Gmail mobile SMTP and POP3 Standard configuration instructions:
Enable POP in Gmail. Don’t forget to click Save Changes when you’re done. Configure your client to match the settings below:
|Incoming Mail (POP3) Server – requires SSL:||pop.gmail.com|
|Outgoing Mail (SMTP) Server – requires TLS3 or SSL:||smtp.gmail.com (use authentication)|
|Port for TLS/STARTTLS:||587|
|Port for SSL:||465|
|Account Name:||your full email address (including @gmail.com)|
|Email Address:||your email address (email@example.com)|
|Password:||your Gmail password|
Unless you’re using recent mode to download mail to multiple clients, make sure you’ve opted not to leave messages on the server. Your POP settings in Gmail settings are what determine whether or not messages stay on the server, so this setting in your client won’t affect how Gmail handles your mail.
If your client does not support SMTP4 authentication, you won’t be able to send mail through your client using your Gmail address.
If you’re having trouble sending mail but you’ve confirmed that encryption is active for SMTP in your mail client, try to configure your SMTP server on a different port (465 or 587).
POP: POP (Post office protocol) is a one-way download of your messages that allows you to access your mail with a mail program like Outlook Express or Apple Mail. POP only offers one-way communication, which means that actions you take in the mail program (like marking a message as read) won’t be synced to Gmail.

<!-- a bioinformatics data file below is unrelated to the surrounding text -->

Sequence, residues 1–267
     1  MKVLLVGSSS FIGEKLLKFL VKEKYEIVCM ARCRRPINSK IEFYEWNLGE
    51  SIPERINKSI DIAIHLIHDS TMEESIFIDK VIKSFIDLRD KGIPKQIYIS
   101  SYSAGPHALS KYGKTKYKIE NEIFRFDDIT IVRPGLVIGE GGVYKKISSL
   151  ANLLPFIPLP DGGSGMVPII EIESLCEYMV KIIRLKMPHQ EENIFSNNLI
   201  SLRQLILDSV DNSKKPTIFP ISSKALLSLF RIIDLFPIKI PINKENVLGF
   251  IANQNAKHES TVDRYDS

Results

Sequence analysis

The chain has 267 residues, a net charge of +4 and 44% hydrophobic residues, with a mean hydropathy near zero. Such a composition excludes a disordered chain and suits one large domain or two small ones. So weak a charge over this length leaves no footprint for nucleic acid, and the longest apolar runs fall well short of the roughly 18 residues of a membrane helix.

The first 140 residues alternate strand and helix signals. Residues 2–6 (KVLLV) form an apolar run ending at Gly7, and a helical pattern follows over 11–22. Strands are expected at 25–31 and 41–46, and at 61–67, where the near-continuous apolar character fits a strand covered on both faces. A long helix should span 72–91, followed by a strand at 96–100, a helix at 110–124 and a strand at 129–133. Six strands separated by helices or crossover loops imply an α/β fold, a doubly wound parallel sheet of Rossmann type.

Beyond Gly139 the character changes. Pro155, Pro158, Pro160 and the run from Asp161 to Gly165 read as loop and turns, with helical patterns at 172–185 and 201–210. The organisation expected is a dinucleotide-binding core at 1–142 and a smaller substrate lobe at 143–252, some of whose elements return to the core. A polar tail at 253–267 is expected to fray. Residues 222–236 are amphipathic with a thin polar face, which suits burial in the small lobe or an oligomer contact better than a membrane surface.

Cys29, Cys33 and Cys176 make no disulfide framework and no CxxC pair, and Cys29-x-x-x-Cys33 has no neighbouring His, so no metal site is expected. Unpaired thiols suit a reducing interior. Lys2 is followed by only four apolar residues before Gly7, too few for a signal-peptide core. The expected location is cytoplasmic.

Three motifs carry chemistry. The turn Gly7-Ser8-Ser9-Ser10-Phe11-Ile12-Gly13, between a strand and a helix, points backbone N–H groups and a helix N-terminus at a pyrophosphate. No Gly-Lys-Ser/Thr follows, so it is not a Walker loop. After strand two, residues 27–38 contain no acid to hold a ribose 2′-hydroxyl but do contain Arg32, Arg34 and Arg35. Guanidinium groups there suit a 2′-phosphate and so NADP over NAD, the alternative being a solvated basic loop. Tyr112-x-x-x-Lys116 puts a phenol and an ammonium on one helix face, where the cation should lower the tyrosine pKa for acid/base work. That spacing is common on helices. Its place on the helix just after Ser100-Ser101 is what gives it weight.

Domain: A domain is a name for an IP address and is more commonly recognized as a website or web address. For example, Google.com is a domain.
TLS: TLS (Transport Layer Security) is a way of changing data such as your username and password into code as it travels across the Internet, so that the data will be secure and private. With mail delivery, TLS begins with an unsecured connection to the mail servers, and then upgrades to a secure connection once information is sent.
SMTP: SMTP (Simple Mail Transfer Protocol) is a set of standard Internet procedures by which two email providers (ex. Gmail, Yahoo Mail), transfer email messages to one another’s mail servers.